Muhammad was about forty years old then. The experience frightened him and he hurried home, shivering, to his wife, who wrapped him in a blanket. Khadijah reassured him that his search for truth would not lead him astray. Her cousin Waraqah, a man of faith who knew the Christian holy books, reassured them that Muhammad’s call to prophethood was true. He also warned them that his own tribe would reject him as other prophets had been rejected by their people.
After a short time, Muhammad began experiencing more revelations. These new verses told Muhammad to preach to his family. Members of Muhammad’s household and immediate family accepted Islam, including his wife Khadijah, the first Muslim woman. Later, he gathered members of his tribe and warned them to believe in one God and turn away from worshipping idols and behaving unjustly. All of them rejected him except for his young cousin Ali, son of Abu Talib. The earliest Muslims were mostly poor people, slaves and women. Some important Makkans joined him, but the most powerful leaders of the Quraysh continued to reject him. His growing influence among the members of Makkan society threatened their prestige and power. They bribed him with offers of wealth and power, but he refused to give up. Quraysh persecuted the Muslims and finally banished them to a dry valley and forbade anyone from trading with them. Khadijah and Abu Talib both died during the boycott. During this time Muhammad sent a small group of Muslims to Ethiopia to seek asylum, or protection from persecution, which was granted by its Christian king, the Negus. The Quraysh feared that Muhammad’s preaching against the idols would reach their visitors during the pilgrimage, causing people to stop visiting the Ka’bah.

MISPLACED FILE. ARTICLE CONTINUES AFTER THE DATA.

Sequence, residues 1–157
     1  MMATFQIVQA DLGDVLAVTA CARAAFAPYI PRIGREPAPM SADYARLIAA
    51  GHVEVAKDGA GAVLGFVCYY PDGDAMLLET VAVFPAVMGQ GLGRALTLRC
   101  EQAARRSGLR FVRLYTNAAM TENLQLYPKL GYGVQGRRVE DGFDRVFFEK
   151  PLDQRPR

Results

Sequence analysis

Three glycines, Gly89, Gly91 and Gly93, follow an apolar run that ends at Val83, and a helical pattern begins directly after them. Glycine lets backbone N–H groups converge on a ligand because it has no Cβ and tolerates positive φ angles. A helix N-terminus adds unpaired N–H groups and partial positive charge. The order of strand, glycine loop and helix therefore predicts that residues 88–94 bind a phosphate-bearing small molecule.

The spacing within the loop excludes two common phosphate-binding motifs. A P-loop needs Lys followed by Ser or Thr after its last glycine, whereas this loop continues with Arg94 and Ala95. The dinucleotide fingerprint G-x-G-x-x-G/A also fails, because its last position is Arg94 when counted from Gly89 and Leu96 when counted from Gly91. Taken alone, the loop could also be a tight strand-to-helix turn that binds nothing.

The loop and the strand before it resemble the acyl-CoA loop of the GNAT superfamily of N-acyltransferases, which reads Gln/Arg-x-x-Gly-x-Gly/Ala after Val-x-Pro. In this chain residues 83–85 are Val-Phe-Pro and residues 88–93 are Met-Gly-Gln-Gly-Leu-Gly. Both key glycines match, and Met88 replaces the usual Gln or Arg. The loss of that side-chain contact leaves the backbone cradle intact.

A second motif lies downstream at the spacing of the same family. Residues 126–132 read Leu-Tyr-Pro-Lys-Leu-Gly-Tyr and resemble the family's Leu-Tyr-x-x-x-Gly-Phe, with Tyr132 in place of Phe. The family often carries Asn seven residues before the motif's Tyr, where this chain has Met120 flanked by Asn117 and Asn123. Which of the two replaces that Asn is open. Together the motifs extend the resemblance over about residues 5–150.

Visitors from Yathrib, a city north of Makkah, did respond to Muhammad’s teaching. Seeing the suffering of the Muslims, they pledged to protect Muhammad and his followers in their town. Gradually, the Muslims left Makkah. When Quraysh plotted to kill Muhammad, he and a close companion, Abu Bakr, secretly left Makkah to join the Muslims in Yathrib. Muhammad’s journey in 622 C.E.--called the Hijrah--marks the beginning of the Muslim calendar. Yathrib was renamed Madinat an-Nabi, or "City of the Prophet." The people of Yathrib invited Muhammad to become their leader and arbitrator to solve the tribal warfare that was tearing Yathrib apart. Muhammad drew up an agreement of cooperation among the Muslims and the tribes of the city. To help the refugees from Makkah, who had left all that they owned behind, Muhammad joined each migrant from Makkah (Muhajirun) in brotherhood with a Muslim from Madinah (Ansar). This policy helped the refugees to begin new lives, and helped the new Muslims of Madinah learn Islam from the experienced Muslims from Makkah.